Researchers at Tel Aviv University have proved the CRISPR system can be used to precisely and reliably identify viruses and bacteria that infect crew members during space missions.
The experiment was conducted in the International Space Station, testing genetic diagnosis under microgravity conditions using the CRISPR system.
CRISPR systems are the immune systems of bacteria from viruses. Bacteria use the CRISPR-Cas systems as a sort of molecular “search engine” to locate viral sequences and cleave them in order to disable viruses.
The study was led by Dr. Dudu Burstein from the Shmunis School of Biomedicine and Cancer Research, Tel Aviv University and Dr. Gur Pines from the Volcani Institute.
The experiment was conducted in space by astronaut Eytan Stibbe as part of the “Rakia” mission launched to space in April, under the leadership of the Ramon Foundation and the Israel Space Agency.
Two scientists who studied (CRISPR), the sophisticated defense mechanism, Prof. Emmanuelle Charpentier and Prof. Jennifer Doudna, succeeded in redirecting it to perform gnome editing on various organisms, including the DNA of human cells.
Doudna and Charpentier earned international recognition when they were awarded the Nobel Prize in Chemistry in 2020. Dr. Burstein is a former member of the Doudna – he spent several years in her lab as a postdoctoral associate, learning about CRISPR-Cas from one of the greatest authorities in the field.
The CRISPR system was recently used to identify various organisms with extreme precision based on recognition of specific DNA sequences.
As part of their scientific vision, the researchers hypothesized that genetic diagnostics using this method, which requires minimal and easily operated equipment, could be suitable for long space missions, for example, at the International Space Station, or on future missions to explore the moon and Mars.
“Conditions in space are extremely problematic, and treatment methods are limited, so it is essential to identify pathogens in a rapid, reliable, and straightforward method,” Burstein explains.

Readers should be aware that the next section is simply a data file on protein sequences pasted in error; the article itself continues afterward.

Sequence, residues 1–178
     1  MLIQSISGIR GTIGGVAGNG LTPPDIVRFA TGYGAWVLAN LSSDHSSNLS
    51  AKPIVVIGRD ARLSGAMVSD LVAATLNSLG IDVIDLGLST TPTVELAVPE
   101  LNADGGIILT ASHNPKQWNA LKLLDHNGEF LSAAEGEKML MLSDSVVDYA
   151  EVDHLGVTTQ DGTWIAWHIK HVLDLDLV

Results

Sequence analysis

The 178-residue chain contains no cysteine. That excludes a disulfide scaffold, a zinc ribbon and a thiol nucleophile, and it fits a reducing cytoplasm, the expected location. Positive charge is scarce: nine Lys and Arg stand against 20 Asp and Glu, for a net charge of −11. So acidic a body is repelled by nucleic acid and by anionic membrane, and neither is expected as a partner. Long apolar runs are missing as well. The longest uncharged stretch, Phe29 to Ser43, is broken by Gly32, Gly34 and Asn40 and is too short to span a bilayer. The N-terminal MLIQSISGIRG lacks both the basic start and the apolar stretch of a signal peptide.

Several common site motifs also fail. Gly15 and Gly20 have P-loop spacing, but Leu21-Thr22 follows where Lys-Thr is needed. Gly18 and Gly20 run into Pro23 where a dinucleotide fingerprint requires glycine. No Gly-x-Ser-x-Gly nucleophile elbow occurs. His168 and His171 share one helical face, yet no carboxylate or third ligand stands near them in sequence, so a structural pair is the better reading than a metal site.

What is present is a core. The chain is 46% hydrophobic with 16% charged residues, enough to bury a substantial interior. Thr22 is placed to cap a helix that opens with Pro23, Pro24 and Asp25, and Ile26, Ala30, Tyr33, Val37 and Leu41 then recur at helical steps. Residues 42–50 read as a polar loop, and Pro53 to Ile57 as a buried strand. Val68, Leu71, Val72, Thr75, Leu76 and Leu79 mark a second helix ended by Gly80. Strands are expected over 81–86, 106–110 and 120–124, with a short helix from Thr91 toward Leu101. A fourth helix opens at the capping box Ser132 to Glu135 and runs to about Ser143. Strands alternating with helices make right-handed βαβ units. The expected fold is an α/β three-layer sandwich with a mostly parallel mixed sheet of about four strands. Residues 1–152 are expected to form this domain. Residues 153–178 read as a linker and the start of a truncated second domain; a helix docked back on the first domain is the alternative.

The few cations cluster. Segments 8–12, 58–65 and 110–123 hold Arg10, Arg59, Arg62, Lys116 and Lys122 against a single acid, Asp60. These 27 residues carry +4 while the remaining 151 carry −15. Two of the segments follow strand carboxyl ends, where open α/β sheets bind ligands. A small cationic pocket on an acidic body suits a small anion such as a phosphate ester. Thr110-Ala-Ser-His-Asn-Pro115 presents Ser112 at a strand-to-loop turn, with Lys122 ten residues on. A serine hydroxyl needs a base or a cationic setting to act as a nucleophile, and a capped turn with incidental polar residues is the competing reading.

“Tests like PCR, which we are now all familiar with, require trained personnel and relatively complex equipment. In the International Space Station, we tested a CRISPR-based detection method developed by Dr. Janice Chen and colleagues in the Doudna lab. First, the DNA is amplified: each targetted DNA molecule is repeatedly duplicated many times, and then the CRISPR-Cas goes into action: If it identifies the target DNA, it activates a fluorescent molecular marker i.
“The fluorescence lets us know whether the bacteria or viruses of interest are indeed present in the sample. This whole process can be conducted in one tiny test tube, so it can suit well the astronauts’ needs.”.
Doctoral student Dan Alon and Dr. Karin Mittelman planned the experiment in detail and conducted it countless times in the lab under various conditions. “After reaching the desired result, they prepared a kit, including the CRISPR-Cas system and the other components required for detection. Eventually, this kit was launched together with Eytan Stibbe to the International Space Station,” Burstein says.
The results of the experiments conducted by Stibbe were highly successful, and the researchers proved that it is indeed possible to perform precise and sensitive CRISPR-based diagnosis even in an environment with virtually no gravity.
“This is the first step towards the simple and rapid diagnosis of diseases and pathogens even on space missions,” Burstein says.
“There is still work to do on the next stages: simple extraction of DNA from samples, making the system more efficient, such that it will be able to test a variety of organisms in one test tube, and diagnosis of more complex samples. It was inspiring to see our test kit in Eytan’s hands at the Space Station, and we’re even more excited by the possibility that such kits will help future astronauts on their extraterrestrial missions.”